Why it’s critical the EOA and its members remain constant and authentic champions of ‘Good Employee Ownership’

Deb Oxley OBE, Chief Executive at the Employee Ownership Association, gave a keynote speech to open up day one of the EOA Annual Conference 2021. Here is what she had to say:

Believing that business and society are better when people have a meaningful stake and a say in their work, the Employee Ownership Association (EOA) has a clear mission to unlock the potential of people, businesses and the economy through employee ownership.

And arguably the opportunity for employee ownership (EO) has never been greater as businesses seek to be more sustainable, equitable and resilient, nor the EOA’s voice stronger – because of our members’ support, stories and advocacy.

But we can’t afford to be complacent – either in our campaign to encourage more employee ownership, or in our mission to ensure that all businesses that become employee owned are motivated to deliver ‘Good Employee Ownership’.

Good Employee Ownership means that employee-owned businesses (EOBs) prioritise their people, ensuring that their governance is representative of their employees and their views, giving status and space for employees to step up – to Trustee roles, Employee Council roles, even main Board roles – and helping the business to capture the untapped potential of their ideas and experiences, and to help the business prosper and grow.

Good Employee Ownership means developing the leadership and management capabilities in an EOB to allow everyone to step up to their rightful place as an employee owner – where line managers are confidently able to manage with the full support of a group of employees who are actively and positively contributing, doing the right thing on behalf of the whole business, not just in their own self-interest.

And Good Employee Ownership means placing focus on great communications and engagement – reaching all employees, regardless of their geography or role in the business, being prepared to both hear and listen to what employees feel – so that everyone is valued and their stake in the business is accompanied by a meaningful say.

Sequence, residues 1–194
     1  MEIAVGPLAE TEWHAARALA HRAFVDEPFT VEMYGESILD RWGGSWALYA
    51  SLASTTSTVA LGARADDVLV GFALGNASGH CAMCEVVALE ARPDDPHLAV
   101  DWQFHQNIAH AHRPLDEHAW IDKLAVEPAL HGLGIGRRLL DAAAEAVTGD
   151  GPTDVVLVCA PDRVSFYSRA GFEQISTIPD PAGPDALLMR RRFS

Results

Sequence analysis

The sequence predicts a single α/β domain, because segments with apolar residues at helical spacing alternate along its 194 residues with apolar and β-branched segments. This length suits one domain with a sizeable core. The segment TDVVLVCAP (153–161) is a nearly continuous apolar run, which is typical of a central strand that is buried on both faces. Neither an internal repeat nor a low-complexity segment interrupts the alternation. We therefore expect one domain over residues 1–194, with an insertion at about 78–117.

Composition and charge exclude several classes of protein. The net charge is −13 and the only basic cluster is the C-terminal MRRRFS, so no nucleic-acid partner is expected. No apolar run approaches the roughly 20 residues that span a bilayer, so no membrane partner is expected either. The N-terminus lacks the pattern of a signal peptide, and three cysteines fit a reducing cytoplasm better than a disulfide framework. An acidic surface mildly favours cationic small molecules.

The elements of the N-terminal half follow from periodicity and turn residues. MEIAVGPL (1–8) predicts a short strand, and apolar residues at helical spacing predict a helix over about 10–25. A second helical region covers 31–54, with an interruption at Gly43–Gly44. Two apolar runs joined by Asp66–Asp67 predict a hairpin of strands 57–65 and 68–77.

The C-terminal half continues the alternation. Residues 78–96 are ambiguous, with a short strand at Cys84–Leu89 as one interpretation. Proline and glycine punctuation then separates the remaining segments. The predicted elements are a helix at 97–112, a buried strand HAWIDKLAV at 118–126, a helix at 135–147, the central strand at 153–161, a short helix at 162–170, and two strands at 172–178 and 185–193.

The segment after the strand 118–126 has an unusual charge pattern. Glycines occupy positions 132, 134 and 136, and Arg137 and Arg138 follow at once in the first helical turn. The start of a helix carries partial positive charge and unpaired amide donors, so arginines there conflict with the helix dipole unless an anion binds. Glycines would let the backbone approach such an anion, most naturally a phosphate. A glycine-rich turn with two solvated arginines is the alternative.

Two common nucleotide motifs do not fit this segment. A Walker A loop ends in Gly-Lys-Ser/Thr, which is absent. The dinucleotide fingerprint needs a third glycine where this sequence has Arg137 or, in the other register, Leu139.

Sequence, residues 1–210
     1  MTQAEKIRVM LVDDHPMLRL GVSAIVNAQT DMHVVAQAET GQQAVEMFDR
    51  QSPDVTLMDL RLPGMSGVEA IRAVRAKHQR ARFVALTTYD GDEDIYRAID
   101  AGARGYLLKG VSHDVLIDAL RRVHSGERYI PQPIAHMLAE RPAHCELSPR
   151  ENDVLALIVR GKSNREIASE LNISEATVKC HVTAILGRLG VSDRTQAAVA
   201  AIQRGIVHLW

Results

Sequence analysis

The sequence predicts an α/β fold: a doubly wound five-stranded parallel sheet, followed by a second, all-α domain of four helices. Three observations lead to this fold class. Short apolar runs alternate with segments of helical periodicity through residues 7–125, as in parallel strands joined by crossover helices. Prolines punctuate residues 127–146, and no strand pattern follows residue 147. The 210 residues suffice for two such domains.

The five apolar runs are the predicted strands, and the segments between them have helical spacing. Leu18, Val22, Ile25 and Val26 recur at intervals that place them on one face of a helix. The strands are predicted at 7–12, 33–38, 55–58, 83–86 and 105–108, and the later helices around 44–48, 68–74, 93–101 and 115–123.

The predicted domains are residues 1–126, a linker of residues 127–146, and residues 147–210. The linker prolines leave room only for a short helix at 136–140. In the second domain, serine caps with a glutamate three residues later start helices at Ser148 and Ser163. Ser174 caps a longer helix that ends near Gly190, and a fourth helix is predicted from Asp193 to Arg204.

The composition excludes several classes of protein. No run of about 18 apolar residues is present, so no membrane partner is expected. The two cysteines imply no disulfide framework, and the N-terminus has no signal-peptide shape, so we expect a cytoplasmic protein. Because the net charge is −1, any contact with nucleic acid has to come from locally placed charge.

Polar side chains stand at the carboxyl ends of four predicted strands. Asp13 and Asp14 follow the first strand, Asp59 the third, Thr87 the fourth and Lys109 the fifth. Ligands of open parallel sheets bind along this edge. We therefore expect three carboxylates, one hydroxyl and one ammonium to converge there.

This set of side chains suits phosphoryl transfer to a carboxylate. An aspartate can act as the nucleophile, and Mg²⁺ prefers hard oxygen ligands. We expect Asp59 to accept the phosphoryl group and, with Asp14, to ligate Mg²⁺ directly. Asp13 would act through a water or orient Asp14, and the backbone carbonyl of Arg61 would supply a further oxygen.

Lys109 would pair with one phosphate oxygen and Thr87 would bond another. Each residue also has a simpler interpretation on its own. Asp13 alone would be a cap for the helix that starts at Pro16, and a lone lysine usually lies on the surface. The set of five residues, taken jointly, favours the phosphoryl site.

For many of our members, this is all second nature – its just how they do business, reinforced when they became employee owned.

But as our sector grows at pace, there will be businesses that are not fully committed to Good Employee Ownership – they are less invested in the reality of bringing EO benefits to life and more interested in the kudos or the tax gains to be achieved.

Therefore, it is critical that the EOA and its members remain constant and authentic champions of Good Employee Ownership – telling members’ stories, sharing their successes and actively promoting what they do – so that the integrity of true employee ownership is not only protected and sustained, but becomes a beacon for Better Business.

An important part of being that beacon is having up to date, current evidence about the impact of employee ownership.

Post-Covid and post-COP26 pressure is growing on business transparency and accountability and we’re seeing increasing regulatory requirements coming down the track. So it is more vital than ever our sector has an evidence base that proves its impact.

In truth, we don’t have that evidence base today – but we must be able to demonstrate the differential effect employee ownership can have on financial performance and the social and environmental impact of employee-owned businesses – particularly on the lives of individuals.

For this reason, the EOA is embarking on a very exciting two-year programme with the sector’s think tank, Ownership at Work, to deliver the insights we need to:

  • Help encourage new businesses into the sector
  • Protect and enhance the sector’s tax reliefs
  • Help you strengthen your businesses competitive credentials and
  • Open up new routes to capital and funding

We will need our members’ help to achieve this so that together we can build a rock-solid evidence base to showcase and demonstrate what employee ownership delivers for the UK economy and society.

Deb Oxley OBE was speaking on day one of the virtual EOA Annual Conference 2021, the sessions from which are available on demand for 60 days after the event. To find out more or to register, click here >>